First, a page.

Walt, best of luck with whatever you do next. I’m sure that you will continue to promote the causes that are dear to you exemplified in the OSTI Corollary – Accelerating the sharing of scientific knowledge accelerates scientific discovery.
While many schools of thought might consider this notion preposterous verging on sacrilegious, David Wojick suggests that WorldWideScience.org (WWS) just happens to be THAT good. In his interview on Scholarly Kitchen’s Chefs’ Selections: The Best Books Read During 2013 (Part 2) he states:
WWS integrates almost a hundred other science portals, most of which are national in scope, while some are international. The chief US contribution is Science.gov, itself a federated portal which integrates numerous US federal agency research report portals. Both WWS and Science.gov were built and are operated by the Department of Energy’s Office of Scientific Information (OSTI). Deep Web Technologies is the amazing developer.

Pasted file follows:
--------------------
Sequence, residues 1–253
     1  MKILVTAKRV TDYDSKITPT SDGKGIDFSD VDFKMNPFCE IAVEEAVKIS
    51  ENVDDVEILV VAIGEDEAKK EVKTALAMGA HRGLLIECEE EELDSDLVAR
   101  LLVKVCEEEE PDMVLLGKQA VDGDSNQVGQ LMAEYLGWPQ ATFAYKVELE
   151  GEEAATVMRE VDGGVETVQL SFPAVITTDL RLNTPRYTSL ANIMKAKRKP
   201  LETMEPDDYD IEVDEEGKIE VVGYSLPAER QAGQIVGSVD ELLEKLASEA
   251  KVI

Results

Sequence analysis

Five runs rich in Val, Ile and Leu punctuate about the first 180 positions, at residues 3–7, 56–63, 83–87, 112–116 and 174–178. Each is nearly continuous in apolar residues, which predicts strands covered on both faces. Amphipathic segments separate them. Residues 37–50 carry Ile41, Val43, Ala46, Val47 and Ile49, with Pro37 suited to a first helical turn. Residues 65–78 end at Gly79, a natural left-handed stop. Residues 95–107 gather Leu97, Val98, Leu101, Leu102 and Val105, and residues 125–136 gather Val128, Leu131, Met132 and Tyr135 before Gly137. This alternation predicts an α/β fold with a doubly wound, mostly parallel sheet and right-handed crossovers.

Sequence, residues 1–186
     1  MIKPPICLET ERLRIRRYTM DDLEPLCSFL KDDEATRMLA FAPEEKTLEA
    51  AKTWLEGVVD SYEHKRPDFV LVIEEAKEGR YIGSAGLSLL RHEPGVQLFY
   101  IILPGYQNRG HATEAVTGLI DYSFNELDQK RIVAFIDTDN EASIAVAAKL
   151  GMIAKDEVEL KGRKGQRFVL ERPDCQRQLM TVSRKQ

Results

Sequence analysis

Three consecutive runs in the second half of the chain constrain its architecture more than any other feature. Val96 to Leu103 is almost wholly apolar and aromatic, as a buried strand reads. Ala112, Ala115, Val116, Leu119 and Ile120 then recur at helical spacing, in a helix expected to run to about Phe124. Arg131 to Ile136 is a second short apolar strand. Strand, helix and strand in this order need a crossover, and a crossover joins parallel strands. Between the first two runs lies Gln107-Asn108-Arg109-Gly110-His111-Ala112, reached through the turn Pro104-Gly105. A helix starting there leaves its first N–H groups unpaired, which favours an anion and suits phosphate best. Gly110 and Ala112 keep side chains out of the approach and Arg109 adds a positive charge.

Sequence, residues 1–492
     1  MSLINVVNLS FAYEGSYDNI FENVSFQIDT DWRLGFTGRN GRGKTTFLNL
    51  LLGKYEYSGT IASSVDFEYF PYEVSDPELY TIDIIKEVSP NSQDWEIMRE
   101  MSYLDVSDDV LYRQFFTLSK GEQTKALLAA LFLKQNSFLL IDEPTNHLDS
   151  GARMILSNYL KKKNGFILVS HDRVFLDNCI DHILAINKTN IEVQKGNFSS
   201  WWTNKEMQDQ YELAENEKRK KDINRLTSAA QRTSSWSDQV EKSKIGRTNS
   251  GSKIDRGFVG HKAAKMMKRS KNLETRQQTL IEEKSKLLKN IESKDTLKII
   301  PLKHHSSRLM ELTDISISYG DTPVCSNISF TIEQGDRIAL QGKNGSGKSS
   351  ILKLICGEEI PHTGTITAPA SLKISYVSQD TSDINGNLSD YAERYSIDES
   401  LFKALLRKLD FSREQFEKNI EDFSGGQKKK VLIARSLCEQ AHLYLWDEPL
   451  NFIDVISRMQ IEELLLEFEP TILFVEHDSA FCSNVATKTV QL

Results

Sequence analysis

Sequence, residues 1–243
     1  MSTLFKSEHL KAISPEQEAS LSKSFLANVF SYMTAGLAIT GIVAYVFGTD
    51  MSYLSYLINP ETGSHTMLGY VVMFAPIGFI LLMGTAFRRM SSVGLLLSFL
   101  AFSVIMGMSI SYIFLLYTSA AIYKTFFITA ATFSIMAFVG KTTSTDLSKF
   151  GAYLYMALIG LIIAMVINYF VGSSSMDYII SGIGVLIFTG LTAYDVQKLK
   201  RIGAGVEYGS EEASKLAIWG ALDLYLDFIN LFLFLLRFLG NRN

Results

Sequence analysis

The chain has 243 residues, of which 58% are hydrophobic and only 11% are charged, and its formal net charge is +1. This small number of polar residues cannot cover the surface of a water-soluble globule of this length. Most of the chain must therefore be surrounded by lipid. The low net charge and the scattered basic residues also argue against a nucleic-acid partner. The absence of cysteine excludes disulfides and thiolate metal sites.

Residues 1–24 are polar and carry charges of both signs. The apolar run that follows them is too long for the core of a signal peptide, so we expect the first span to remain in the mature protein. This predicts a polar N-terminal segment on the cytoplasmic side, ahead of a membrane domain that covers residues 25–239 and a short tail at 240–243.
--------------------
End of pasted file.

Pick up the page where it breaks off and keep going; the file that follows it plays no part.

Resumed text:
With a multilingual translation feature for results, WWS has captured scientists from across the globe. While Kindle may not support WorldWideScience for a bedtime story, the WWS mobile app can rock you softly to sleep in 10 different languages. And no need for a bookmark.